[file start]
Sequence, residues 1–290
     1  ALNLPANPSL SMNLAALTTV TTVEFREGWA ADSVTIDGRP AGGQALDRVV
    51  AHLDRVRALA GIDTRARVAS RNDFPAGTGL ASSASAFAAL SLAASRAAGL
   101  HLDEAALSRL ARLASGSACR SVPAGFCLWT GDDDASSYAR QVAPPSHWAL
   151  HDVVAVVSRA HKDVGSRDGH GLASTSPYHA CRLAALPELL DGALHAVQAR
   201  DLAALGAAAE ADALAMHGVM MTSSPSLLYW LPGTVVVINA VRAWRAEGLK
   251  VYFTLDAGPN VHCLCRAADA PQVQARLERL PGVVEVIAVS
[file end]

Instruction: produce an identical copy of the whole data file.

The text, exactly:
Sequence, residues 1–290
     1  ALNLPANPSL SMNLAALTTV TTVEFREGWA ADSVTIDGRP AGGQALDRVV
    51  AHLDRVRALA GIDTRARVAS RNDFPAGTGL ASSASAFAAL SLAASRAAGL
   101  HLDEAALSRL ARLASGSACR SVPAGFCLWT GDDDASSYAR QVAPPSHWAL
   151  HDVVAVVSRA HKDVGSRDGH GLASTSPYHA CRLAALPELL DGALHAVQAR
   201  DLAALGAAAE ADALAMHGVM MTSSPSLLYW LPGTVVVINA VRAWRAEGLK
   251  VYFTLDAGPN VHCLCRAADA PQVQARLERL PGVVEVIAVS